By Martin Lux
This e-book comprises the outline and assessment of a profound housing process reform constituting a part of the transition from a centrally deliberate to a marketplace financial system within the Czech Republic. It addresses targets: to judge housing subsidies (reforms) via program of enhanced tools of welfare economics and, secondly, to record the most components explaining the actual results of chosen reforms. the writer utilized equipment of welfare economics for an assessment of housing subsidies in a scale special in housing reports. The research of underlying elements influencing formation of housing reforms introduced new findings concerning the essence of transition in post-socialist nations.
Read or Download Housing Policy and Housing Finance in the Czech Republic during Transition: An Example of the Schism between the Still-Living Past and the Need of Reform (Sustainable Urban Areas, Volume 28) PDF
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Extra info for Housing Policy and Housing Finance in the Czech Republic during Transition: An Example of the Schism between the Still-Living Past and the Need of Reform (Sustainable Urban Areas, Volume 28)
VTJOHIPVTJOHBTPOFPGUIFUPPMTUPEPTP Q(&S decreasing the utility of the other participants. If the situation on the market precludes any public inference that could increase the utility of one without decreasing the utility of another, we talk about a Pareto optimum (also the highest economic efﬁciency). If, on the other hand, the total utility could increase without decreasing the utility of any of the actors, then the process of ‘improvement’ is called optimisation, a ‘Pareto improvement’.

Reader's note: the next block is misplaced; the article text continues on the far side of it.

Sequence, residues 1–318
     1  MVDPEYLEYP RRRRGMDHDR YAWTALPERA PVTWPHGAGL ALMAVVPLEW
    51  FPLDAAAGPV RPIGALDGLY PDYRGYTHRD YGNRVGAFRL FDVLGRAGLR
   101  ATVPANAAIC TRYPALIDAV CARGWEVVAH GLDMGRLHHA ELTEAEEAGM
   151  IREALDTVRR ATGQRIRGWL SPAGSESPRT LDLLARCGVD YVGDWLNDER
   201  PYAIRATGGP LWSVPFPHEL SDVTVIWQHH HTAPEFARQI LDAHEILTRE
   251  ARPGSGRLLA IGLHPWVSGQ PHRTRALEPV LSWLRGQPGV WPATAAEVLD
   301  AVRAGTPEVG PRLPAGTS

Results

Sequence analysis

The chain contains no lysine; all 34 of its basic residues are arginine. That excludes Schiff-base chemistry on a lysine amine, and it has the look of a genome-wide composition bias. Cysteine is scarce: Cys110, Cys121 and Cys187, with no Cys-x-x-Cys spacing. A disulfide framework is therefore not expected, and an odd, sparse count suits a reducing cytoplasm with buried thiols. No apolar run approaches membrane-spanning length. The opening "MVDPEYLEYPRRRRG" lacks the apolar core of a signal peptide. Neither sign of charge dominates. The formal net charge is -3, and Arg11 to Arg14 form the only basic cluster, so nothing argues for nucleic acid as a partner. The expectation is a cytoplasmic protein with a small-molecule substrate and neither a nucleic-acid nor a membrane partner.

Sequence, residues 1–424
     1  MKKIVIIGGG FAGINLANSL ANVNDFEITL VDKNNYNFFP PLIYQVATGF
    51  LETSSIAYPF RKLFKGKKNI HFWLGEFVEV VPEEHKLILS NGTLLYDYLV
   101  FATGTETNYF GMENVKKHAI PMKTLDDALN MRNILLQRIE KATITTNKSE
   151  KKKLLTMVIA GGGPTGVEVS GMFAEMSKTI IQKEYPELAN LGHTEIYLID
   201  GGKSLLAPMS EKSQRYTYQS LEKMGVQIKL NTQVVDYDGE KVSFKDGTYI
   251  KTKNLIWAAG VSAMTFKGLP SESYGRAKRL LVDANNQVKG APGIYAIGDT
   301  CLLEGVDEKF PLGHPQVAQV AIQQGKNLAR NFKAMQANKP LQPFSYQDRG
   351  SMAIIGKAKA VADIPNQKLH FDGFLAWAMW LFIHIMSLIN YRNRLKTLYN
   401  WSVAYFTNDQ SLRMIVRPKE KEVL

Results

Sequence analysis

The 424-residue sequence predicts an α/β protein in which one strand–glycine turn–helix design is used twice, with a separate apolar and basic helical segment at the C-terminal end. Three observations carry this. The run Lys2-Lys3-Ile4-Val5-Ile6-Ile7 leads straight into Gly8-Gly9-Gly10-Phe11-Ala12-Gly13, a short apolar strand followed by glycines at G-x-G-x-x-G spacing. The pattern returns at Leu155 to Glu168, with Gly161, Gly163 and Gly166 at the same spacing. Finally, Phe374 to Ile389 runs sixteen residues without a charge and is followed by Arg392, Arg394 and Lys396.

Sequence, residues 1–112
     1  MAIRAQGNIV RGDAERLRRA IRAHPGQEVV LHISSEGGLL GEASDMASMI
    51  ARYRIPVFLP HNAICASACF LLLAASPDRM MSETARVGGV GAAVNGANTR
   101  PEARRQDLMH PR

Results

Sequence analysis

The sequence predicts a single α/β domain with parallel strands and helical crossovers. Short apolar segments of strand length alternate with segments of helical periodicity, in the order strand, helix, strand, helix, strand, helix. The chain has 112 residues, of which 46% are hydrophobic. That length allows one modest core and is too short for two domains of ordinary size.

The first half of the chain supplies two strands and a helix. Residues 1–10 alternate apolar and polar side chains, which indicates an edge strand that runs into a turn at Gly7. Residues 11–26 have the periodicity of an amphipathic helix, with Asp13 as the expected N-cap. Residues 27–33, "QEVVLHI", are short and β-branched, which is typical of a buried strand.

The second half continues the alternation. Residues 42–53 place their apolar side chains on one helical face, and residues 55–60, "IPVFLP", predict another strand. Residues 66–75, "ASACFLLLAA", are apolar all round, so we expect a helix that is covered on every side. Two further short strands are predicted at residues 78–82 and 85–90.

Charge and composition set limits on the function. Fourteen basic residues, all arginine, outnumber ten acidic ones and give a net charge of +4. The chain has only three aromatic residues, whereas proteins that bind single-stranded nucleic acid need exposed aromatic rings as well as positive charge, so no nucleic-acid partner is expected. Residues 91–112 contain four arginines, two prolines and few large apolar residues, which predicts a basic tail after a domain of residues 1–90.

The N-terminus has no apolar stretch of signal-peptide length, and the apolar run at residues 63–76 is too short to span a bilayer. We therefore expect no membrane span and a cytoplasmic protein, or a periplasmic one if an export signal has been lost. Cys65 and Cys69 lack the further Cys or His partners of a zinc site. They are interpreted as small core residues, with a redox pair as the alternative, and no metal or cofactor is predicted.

It is more an opportunity cost than an explicit form of public subsidy. The comparative advantages and disadvantages of subsidising supply and demand in the sphere of owner-occupied housing are similar to those cited in the sphere of rental housing. Supply-side subsidies increase and modernise housing stock and push the prices of existing housing down. Indirect demand-side subsidies can have the opposite effect on the price of existing housing, however, it does not restrict the recipient of the subsidy to choosing just new housing, and in terms of targeting there is less of a bias towards higher-income households, which is the group that tends most often to acquire new housing.
While this brings a number of positive aspects, one negative consequence is that it makes it far more complicated for homeowners to move, which can be a problem when there is a rise in unemployment or an economic crisis. When house prices fall homeowners are often reluctant or even unable to sell their homes and move elsewhere (Oswald, 1997; Partridge & Rickman, 1997; Engelhardt, 1994). Owner-occupied housing connotes ‘stability’, and as such it may be at odds with other developments in contemporary society, the world economy (global markets), and the labour market, which are now more characterised by ‘ﬂexibility’.